One evening last September, after getting off the A-Train in Harlem, as I walked toward the exit at 145th Street, I noticed a young man with dreads sitting on a bench, presumably waiting for the next train. What caught my eye was a Strand shopping bag beside him overflowing with books.
A black man with books, particularly a bunch of them from my favorite bookstore in New York City, warranted more than a passing glance. Furthermore, he looked familiar.
The closer I got to him the more familiar he looked. Why it was the author Marlon James!
I was stunned to see him sitting there like any one of the homeless folks who frequent the station. I had met him for the first time a week or two before when we were panelists at the Brooklyn Book Festival in 2014.
In fact, he was the moderator, and it didn’t appear to be his métier since the topic was of non-fiction with Greg Grandin, an expert on the works of Herman Melville, and I as the discussants. Even so, he held his own with probing questions about Melville and Malcolm X.
Before that event I had heard of Marlon from a friend, Kurt Thometz, an antiquarian with a bookstore in Upper Manhattan. The bookstore was on the bottom floor of his brownstone and in the back he had a room, a bed and breakfast unit that Marlon often used whenever he was in town.
After the panel we promised to stay in touch, but I knew that was just small talk, so, we bade each other farewell and went our separate ways.
So, you can imagine my amazement to see him in the subway, hunched over a book, waiting for a train.
I greeted him and at first he seemed puzzled, trying to figure out who I was. His recognition of me did not arrive fast enough, so, I reminded him of our shared Brooklyn event. There was a brief smile, a kindly nod, and I realized that I was an intruder who was interrupting his reading.
Kurt had told me that he was a voracious reader and, when he wasn’t reading, he was busy working nonstop on one of his books. I had read none of his books. In fact, but for his praise, I may not have ever paid them attention.
Given his overwhelming raves, I decided I would get his latest book A Brief History of Seven Killings, (Riverhead Books, 2014). I got it on my Nook from Barnes and Noble and, since I was in the process of completing my own book and preparing to teach my class at the City College of New York, began reading it intermittently.
Always, in the spring, when I teach a course on “The History of Harlem,” I take my students on a tour of the community. One of the stops on the tour is Kurt’s erstwhile bookstore, where they are permitted to browse his vast collection and purchase a book or two, if they so desire.
Kurt is a raconteur and storyteller of the highest order—he can beguile and mesmerize any group of students. Last spring I took the students there when Marlon happened to be in town, on a temporary break from his teaching duties at Macalester College in St. Paul, Minnesota.
He came in the middle of Kurt’s presentation, sat for a moment and then scurried to the back of the store to his room.
Later, after Kurt had finished and the students were preparing to depart, Marlon came from the back and, so it appeared, sat down to chat.
He’s not a great talker, especially not with strangers, so, getting him to discuss his writing is challenging. Having read portions of his lengthy novel—it’s more than 680 pages—I wanted him to expound on some of the characters in the book, many of them hitmen assigned to kill a character he calls “The Singer,” obviously, the great reggae musician Bob Marley.
Here’s a short passage from A Brief History of Seven Killings about Demus, one of the potential hit men.
“Me is a wicked man, me is a sick man,” Demus confesses to his solicitor in the heavy Jamaican dialect that populates the book, “but me would never join in this if I did know that he want to rub out the Singer. This hurt me brain worse than anything ever hurt me before. All me now don’t sleep. I lie in my room with my eye wide open hearing me girl snore in her sleep.”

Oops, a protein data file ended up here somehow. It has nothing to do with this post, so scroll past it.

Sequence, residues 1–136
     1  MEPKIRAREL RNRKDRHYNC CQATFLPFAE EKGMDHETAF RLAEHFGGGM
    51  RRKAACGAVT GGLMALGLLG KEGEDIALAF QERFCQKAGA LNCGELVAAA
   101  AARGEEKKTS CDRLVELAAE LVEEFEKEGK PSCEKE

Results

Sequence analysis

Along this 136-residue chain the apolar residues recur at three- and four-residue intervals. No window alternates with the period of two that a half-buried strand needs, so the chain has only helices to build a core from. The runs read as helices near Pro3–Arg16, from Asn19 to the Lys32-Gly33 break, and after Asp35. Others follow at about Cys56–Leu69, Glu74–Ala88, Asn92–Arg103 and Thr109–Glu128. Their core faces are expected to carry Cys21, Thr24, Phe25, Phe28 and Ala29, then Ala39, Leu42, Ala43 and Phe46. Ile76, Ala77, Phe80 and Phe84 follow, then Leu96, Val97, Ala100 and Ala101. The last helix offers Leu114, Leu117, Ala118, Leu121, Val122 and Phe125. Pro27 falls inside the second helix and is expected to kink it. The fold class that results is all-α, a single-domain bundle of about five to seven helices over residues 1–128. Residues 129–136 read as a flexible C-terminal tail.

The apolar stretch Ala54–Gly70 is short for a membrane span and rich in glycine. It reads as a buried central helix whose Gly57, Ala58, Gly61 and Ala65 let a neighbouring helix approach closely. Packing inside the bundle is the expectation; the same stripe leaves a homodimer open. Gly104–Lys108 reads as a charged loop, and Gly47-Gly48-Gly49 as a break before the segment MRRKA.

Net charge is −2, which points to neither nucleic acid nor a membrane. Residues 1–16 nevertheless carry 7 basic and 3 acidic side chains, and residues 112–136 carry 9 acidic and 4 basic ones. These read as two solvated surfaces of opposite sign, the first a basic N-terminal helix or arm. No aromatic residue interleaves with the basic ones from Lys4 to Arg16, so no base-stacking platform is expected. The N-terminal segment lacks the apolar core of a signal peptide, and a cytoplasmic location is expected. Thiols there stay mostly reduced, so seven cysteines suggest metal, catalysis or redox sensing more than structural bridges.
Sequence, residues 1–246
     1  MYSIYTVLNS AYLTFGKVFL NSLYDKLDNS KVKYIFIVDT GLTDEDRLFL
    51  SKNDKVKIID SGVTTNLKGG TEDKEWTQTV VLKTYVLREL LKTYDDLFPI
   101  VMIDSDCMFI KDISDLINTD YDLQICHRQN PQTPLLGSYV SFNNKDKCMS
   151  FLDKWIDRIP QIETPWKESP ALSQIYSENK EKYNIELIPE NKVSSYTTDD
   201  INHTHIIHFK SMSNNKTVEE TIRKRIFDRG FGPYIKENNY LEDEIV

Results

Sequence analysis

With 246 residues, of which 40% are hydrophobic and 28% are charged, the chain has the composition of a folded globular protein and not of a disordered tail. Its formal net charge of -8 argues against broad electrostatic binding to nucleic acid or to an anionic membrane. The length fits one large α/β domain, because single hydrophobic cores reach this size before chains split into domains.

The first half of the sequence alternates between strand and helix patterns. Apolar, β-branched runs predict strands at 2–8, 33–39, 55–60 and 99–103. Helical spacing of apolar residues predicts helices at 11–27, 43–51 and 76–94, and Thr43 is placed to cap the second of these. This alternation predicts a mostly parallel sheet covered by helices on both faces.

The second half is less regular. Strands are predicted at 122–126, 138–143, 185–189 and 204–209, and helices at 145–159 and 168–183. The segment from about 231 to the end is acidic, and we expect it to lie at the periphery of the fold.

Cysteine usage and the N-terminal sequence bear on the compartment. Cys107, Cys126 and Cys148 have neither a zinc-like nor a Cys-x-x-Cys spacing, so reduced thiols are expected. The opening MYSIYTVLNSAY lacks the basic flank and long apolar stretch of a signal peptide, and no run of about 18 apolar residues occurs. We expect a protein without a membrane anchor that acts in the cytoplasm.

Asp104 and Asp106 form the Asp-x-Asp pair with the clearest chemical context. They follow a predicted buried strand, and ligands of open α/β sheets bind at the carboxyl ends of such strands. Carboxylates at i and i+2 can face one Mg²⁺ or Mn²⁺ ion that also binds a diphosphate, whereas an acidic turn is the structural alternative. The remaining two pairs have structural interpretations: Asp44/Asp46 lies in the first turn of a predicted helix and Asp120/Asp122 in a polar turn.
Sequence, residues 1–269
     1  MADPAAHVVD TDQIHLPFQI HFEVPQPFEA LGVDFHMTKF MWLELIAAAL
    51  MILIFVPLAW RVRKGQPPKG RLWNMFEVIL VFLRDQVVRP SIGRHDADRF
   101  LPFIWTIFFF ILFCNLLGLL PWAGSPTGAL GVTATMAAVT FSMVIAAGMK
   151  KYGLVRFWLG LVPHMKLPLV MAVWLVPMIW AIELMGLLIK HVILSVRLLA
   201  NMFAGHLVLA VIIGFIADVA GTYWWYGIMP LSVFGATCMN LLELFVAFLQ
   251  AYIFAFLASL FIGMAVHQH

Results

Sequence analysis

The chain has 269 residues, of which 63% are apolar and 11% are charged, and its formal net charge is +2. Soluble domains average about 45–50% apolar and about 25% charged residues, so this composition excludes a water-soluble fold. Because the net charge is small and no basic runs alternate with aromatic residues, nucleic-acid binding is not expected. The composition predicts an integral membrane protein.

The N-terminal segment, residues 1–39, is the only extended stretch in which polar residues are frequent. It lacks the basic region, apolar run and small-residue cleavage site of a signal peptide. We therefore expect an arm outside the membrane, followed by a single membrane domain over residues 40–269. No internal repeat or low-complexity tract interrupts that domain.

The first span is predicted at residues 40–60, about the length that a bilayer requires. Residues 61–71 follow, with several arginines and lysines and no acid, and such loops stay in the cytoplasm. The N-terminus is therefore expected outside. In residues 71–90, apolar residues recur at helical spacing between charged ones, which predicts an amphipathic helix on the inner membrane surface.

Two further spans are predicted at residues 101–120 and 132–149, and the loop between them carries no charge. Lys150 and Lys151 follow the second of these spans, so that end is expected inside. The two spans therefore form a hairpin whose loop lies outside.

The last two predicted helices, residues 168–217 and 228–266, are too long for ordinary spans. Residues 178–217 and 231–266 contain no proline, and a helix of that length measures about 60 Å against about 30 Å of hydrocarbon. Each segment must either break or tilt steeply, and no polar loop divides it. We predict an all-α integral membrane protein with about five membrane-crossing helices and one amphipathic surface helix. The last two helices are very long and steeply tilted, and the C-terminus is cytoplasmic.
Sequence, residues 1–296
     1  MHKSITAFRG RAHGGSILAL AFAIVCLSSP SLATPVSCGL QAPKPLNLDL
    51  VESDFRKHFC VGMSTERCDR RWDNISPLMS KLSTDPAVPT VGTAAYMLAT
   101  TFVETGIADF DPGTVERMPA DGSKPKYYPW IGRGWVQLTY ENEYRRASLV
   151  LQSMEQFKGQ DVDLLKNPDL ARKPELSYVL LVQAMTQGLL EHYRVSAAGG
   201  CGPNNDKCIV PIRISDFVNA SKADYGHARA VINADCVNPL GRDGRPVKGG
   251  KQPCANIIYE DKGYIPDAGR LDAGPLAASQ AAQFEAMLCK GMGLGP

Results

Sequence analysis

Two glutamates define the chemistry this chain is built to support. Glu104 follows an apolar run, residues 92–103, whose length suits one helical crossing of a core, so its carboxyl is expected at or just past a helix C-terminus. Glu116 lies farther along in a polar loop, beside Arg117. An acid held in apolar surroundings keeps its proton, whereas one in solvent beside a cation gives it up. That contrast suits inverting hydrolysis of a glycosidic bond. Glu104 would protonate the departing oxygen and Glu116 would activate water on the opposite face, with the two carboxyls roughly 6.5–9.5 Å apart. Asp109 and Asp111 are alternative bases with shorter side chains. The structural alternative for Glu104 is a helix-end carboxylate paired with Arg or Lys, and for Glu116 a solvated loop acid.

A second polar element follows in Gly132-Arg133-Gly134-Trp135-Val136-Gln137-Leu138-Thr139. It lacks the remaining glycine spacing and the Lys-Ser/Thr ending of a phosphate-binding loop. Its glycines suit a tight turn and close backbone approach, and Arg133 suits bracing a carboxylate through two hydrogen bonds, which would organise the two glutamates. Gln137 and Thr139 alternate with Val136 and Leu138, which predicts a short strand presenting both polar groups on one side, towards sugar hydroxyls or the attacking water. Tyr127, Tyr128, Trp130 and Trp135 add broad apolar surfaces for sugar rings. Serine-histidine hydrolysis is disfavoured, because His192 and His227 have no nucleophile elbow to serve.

Perhaps I should take a moment here to contextualize Demus’s dilemma. In 1976, Marley was wounded by gunmen who invaded his home in Kingston, Jamaica. His wife, Rita, and his manager, Don Taylor, were also seriously wounded.
Despite his wounds, Marley performed at the planned concert two days later. It would be two years before Marley set foot again in his home country. Marlon uses this incident as the central theme of his book, while delivering a boatload of history and information on gangs, violence, language, and politics.
Demus is just one of more than 75 characters Marlon summons, many of whom are based on actual people, though most are composite figures. Whether real or imagined, most have full chapters devoted to them and their intentions.
At the Brooklyn Book Festival, where he was a main presenter, he had another obligation. He gave a lively discourse on the prevalence of violence in A Brief History of Seven Killings. As the title suggests, hardly a page is turned that isn’t chocked with some sort of violence or murder.
During our moments together, there wasn’t much time to talk about the creative process, though he did make it clear about how much time and research went into each of his books.
As for the violence, he has explained that in several interviews, “I didn’t want to fall into a pornography of violence but I think violence should be violent.” On that the reader is not shortchanged.
A Brief History of Seven Killings is by no means brief nor is it an easy read. Not only is the length intimidating but the Jamaican lingo is sure to leave many readers bewildered. Even so, Marlon has filled this epic story with so much intrigue and brio that you are soon swept up in it, willing to sail along with a raft of thugs with nothing but larceny and murder on their minds.
During one session with Kurt and another colleague George Preston, a noted Africanist and curator, I listened as they rhapsodized about the book, dissecting characters, grappling with the convoluted plot, and expressing unabashed exuberance over the sizzling passages of imagery.
Clearly, they’re not alone in their enthusiasm for the book. When Michiko Kakutani of the New York Times can drop heavy praise on the novel, it’s almost equivalent to Oprah Winfrey’s stamp of approval.